Home Repair: Cost vs Value

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log home

Log Home After Staining

Spring is a great time to work on your home, but where do you start? If you are considering selling your home in the next year or two you may want to consider the cost versus the value. This is different for every home owner.  Major home renovations are less likely to recoup in value when it comes time to sell your home. Remodeling 2014 Cost vs. Value Report is available for those of you in western Michigan check out the greater Grand Rapids area estimated project costs and value.  If you want to sell sooner rather than later here are a few tips to guide you.

Kitchen Improvements:

If you have a stained sink, leaky faucet or beat up cupboards consider remodeling here first. Most kitchen remodels have a decent return on value and in some cases, a home wont sell unless the kitchen is brought up to date to match or beat the competition.  This doesn’t mean you have to put in granite counter tops. Resurface the cabinets, replace the doors and hardware. Or if they are painted, put on a fresh coat of paint and new hardware. Newer faucets and sinks and updated appliances can make a big impact.

Bathroom Remodel: Focus on the master bathroom and/or the bathroom on the main floor that will get the most use. Brighten with paint, updated lighting, new fixtures  and flooring.

log home

Log home exterior before staining.


One of the lower cost – higher impact – higher returns on investment is paint. Nothing cleans and sparkles like a fresh coat of paint on the walls and ceiling.  When it comes to painting, professional painters are worth the investment.  Properly patch holes and cracks in the ceiling and walls. Use neutral colors – or consult with a professional stager to help select the proper paint color and sheen. Remove all wall paper. Wall paper is such a personal choice and it’s usually not the buyers choice. It doesn’t take long for wall paper to be out of date so get rid of it.


If you have hard wood floors make them look like new. Many buyers will come to your home because it has hardwood floors. Polish and keep them looking like new. If you have carpet that is more than a couple years old – replace it. New carpet always makes a home look cleaner, fresher and brighter. Stick to neutral colors. It is better to replace the carpet than it is to offer a ‘carpet allowance’. Buyers don’t want to worry about negotiating this to be completed before they move in and why turn them off with warn carpet? If you have tile, keep the grout lines clean. If you can replace the cracked or chipped tiles do so – but install brand new ceramic tile as the cost is high compared to the return.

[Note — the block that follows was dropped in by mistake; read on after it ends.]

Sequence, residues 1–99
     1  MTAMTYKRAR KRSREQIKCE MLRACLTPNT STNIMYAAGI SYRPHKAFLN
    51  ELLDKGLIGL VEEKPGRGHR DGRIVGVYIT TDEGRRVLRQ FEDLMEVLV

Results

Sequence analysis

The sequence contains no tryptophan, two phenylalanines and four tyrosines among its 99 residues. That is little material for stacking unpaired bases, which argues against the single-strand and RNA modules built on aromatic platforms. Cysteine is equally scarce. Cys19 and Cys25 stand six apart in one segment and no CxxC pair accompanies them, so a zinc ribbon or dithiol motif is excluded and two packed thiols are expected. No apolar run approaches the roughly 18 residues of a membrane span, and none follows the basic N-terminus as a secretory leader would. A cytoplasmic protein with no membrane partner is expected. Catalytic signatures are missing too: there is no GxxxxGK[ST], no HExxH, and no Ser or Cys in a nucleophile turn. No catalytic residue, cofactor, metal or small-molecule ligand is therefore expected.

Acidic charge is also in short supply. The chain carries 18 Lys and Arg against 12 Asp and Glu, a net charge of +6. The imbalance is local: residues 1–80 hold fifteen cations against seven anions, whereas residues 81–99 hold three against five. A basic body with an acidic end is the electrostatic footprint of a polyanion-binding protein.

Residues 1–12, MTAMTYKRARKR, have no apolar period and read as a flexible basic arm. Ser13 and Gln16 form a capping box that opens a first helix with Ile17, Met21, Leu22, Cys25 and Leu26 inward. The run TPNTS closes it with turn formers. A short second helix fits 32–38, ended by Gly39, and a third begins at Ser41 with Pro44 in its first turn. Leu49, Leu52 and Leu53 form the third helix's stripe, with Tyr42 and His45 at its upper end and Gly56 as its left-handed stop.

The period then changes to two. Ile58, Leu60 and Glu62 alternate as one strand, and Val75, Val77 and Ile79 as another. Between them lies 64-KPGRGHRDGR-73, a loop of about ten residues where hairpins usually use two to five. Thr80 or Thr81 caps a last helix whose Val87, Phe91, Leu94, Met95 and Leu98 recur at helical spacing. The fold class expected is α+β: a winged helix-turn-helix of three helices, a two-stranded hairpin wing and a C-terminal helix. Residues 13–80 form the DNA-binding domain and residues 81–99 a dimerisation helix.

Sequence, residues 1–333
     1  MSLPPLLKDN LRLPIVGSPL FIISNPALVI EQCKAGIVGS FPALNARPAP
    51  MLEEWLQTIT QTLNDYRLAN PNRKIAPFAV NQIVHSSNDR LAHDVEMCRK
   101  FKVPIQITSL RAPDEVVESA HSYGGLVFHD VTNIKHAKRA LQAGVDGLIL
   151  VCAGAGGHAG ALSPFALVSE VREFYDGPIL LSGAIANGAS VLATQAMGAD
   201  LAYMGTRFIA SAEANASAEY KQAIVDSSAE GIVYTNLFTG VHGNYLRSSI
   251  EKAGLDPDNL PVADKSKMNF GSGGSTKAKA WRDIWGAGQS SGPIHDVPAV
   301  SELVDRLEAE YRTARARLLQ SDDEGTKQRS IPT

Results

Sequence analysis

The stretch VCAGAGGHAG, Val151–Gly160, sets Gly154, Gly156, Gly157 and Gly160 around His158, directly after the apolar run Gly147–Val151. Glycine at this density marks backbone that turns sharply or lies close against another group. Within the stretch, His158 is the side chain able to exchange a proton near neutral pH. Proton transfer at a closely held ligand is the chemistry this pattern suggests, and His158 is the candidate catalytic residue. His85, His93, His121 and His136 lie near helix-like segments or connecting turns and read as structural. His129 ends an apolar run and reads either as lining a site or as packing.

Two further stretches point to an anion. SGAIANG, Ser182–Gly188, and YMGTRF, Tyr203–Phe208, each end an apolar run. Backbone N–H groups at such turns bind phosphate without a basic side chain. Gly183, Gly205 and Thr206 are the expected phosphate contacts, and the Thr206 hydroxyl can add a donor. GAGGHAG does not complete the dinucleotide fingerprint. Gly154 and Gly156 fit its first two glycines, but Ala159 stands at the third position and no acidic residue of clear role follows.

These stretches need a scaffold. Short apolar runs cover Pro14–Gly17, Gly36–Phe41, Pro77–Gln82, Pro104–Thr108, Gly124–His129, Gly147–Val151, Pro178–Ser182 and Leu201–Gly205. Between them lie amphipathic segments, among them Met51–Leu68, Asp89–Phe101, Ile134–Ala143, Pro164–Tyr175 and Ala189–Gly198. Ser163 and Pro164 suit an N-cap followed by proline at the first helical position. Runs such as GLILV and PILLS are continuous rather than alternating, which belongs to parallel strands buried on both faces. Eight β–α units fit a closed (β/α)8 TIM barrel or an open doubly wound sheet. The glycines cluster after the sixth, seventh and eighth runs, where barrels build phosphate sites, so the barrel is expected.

Curb Appeal: Roof, Siding, Decking, Landscaping, Etc.

Bite the bullet and put on a new roof if yours is leaking or the shingles are cracking and pealing up. Again, don’t offer an allowance for the buyers to do this job – they want the home ready to move into and do not want to worry about negotiating the cost, quality or timing of the job to be complete.  Other curb appeal related renovations include fresh landscaping, resurfacing asphalt driveways, patch cement drives and sidewalks, paint fences and repair as needed, paint the front door and update the doorknobs and locks.

The effects of re-staining the log home (shown above right) makes all the difference in the rich look and feel of this elegant log lodge.

Be prepared to make your home in ‘move-in’ condition, unless a buyer is interested in a handyman special and you are ready to drop your price to accommodate their repairs. Buyers are not interested in deferred maintenance. Their cash is going towards the purchase of the home. Buyers are looking for a home that has updated plumbing, heating, air conditioning, electrical, and new appliances.Refer to the 2014 Cost Vs Value Report as a guide, and remember, what seems trendy or high tech today may not be next year.


About the Author
Leslee is an associate broker of United Country Michigan Lifestyle Properties based in Richland Michigan, just outside of Kalamazoo. Learn more about Leslee at http://www.MichiganCountryHomes.com

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